Giorgio Bassani belongs to that extraordinary flowering of Italian Jewish writers, from Natalia Ginzburg to Primo Levi, who came of age under Fascism and thus grew up skeptical, allergic both to absolutism and pious rhetoric. Theirs was a strange twilit generation. Their parents, it might be said, were still riding what Bassani calls “the euphoria of civic equality” following the Unification of Italy, when Jews, recently liberated from the ghettos, threw themselves into public life as statesmen, scientists, scholars, entrepreneurs and, with their country’s entry into World War I, as soldiers. These were “modern” Jews, like the father of Bassani’s narrator, who belongs to a synagogue much as he belongs to the Merchants’ Club and who, “romantic, patriotic, politically naïve,” joined the Fascist Party on returning from the front in 1919.

But Bassani’s narrator has grown up in darker days. Still hard-wired with bourgeois codes of academic and professional achievement, he nonetheless feels himself “nailed by birth to a destiny of exclusion and resentment,” paralyzed by a bitter sense of futility and inertia. While his father, listing the “patriotic merits” of Italian Jewry, assures his family that the proposed racial laws will never pass, the son foresees a “future of persecutions and massacres” for Ferrara’s Jews, herded “like so many frightened beasts” back into the ghetto, “from which, when all was reckoned up, we had emerged only some 70 or 80 years ago.” It’s symptomatic of Bassani’s historical pessimism that his two finest novellas end with their respective protagonists’ suicide.

In “The Gold-Rimmed Spectacles,” we follow the fortunes of Athos Fadigati, a gentle, kindly doctor whose homosexuality is tolerated until he embarks on a masochistic and highly public love affair with a vicious local youth. As Proust did, Bassani likens homosexuality to Jewishness, and Fadigati’s tragic ostracization is played out in parallel with the growing isolation of the narrator’s own family, of their expulsion from all the activities and institutions that had formed their daily life.

“The Heron,” Bassani’s masterpiece, takes place on a single Sunday in the late 1940s, when Edgardo Limentani, a Jewish landowner who spent the war in Switzerland, goes shooting for birds in the Po delta. Over the course of the day, Limentani finds himself increasingly alienated from the new Italy he encounters. He is equally repelled by the Communist-inspired sharecroppers on his farm, who are demanding a fairer deal, by the former Blackshirt who owns the flourishing hotel-restaurant where he stops for lunch and by the restaurant’s new clientele, Milanese industrialists out for a day’s sport, who seem “a different race, stronger, more full of life, more attractive, more likable!” In a kind of anti-epiphany, Limentani realizes that it’s money that confers their superhuman air of well-being. Compared with this new god of money, all the old allegiances — religion, family, land, Fascism, Communism — are of little importance. It’s a new world in which he can find no refuge.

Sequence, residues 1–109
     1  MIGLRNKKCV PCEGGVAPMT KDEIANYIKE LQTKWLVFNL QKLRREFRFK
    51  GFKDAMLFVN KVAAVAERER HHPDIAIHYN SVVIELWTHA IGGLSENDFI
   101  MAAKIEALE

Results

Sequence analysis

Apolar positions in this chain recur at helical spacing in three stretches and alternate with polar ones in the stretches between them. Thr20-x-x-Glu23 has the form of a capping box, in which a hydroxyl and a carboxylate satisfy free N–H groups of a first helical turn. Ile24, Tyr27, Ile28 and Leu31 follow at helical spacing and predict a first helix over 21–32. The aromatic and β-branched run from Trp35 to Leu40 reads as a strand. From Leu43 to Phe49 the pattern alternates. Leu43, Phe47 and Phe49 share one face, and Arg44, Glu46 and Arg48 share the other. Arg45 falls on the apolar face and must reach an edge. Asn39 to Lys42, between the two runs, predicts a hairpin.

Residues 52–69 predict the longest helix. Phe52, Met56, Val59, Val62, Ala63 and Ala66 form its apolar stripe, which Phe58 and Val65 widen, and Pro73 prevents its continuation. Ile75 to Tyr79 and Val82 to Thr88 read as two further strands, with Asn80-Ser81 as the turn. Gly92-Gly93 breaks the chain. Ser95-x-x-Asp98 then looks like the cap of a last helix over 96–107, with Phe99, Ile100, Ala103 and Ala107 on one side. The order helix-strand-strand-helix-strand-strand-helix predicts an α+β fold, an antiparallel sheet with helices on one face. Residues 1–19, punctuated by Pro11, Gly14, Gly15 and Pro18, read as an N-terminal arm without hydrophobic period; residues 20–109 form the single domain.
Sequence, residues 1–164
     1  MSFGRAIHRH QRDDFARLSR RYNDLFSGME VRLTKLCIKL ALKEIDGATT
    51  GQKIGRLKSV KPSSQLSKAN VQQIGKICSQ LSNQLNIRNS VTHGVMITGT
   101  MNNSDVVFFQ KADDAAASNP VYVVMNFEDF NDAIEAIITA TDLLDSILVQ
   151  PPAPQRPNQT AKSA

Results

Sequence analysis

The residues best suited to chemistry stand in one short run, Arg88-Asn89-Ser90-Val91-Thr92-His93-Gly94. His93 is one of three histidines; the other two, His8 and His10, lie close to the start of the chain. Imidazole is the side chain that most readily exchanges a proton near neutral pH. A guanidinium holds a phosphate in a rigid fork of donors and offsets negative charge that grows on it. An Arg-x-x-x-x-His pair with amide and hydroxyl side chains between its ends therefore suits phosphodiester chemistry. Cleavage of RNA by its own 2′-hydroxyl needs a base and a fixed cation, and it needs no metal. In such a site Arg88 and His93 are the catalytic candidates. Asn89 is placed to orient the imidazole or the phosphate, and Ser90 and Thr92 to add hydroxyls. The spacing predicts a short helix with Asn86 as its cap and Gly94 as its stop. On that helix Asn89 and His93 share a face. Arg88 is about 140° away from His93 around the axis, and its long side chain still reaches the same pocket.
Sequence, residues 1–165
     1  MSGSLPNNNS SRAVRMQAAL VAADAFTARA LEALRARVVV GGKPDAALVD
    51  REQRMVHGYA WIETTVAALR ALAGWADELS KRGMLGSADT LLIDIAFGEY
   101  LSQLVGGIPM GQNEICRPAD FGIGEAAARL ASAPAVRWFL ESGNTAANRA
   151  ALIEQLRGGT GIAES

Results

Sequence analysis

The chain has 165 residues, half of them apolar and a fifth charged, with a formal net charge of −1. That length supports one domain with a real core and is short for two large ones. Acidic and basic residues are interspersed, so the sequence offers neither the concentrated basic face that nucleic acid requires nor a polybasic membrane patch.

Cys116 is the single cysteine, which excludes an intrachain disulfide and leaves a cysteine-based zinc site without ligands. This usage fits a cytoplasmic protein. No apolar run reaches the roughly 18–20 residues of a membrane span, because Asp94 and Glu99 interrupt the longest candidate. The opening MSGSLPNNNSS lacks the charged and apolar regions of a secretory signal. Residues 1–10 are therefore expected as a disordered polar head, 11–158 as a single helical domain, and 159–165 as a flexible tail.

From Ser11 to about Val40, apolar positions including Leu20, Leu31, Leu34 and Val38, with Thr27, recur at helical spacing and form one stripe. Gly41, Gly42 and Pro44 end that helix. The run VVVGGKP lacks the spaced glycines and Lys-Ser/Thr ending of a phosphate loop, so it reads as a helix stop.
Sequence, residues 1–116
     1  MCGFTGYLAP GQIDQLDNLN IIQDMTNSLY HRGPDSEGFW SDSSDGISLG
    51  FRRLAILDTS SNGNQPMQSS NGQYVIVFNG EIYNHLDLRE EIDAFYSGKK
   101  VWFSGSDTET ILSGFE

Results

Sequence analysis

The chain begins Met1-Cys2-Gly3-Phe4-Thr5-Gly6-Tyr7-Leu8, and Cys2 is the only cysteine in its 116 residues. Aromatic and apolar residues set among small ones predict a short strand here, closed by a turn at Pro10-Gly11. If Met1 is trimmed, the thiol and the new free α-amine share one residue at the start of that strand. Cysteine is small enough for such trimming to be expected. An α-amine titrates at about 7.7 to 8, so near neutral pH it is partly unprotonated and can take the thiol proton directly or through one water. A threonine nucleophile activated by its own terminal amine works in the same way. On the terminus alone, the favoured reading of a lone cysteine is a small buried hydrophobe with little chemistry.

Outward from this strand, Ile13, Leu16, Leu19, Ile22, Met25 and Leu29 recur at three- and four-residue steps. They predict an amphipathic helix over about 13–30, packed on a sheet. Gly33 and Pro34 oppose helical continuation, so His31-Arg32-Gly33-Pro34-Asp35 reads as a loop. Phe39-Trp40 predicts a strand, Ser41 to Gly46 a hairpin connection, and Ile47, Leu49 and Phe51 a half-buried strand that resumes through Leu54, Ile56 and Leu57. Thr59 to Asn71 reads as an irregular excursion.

Concentration camp inmates recounted their nightmares of returning home and finding the door locked to them or of discovering that their family members, like Geo Josz’s fellow townsmen, were indifferent to their tales. Bassani, in these cultivated worldly-wise stories, so steeped in tenderness, rage and loss, is like someone returned from the underworld to bear witness.

His “Novel of Ferrara” is an uneven enterprise. The two collections of short stories (“Within the Walls” and “The Smell of Hay”) aren’t the equal of the four sublime novellas, and McKendrick’s translation is a little less felicitous, say, than William Weaver’s earlier renditions of “The Heron” and “Behind the Door.”

Nonetheless, Bassani’s history of the “little segregated universe” from which he was expelled is essential reading for anyone thirsting for an understanding of the complex density of Europe’s multicultural inheritance, or wondering whether the world we know might once again be falling for the temptations of fascism.

Fernanda Eberstadt’s novels include “Isaac and His Devils” and “The Furies.”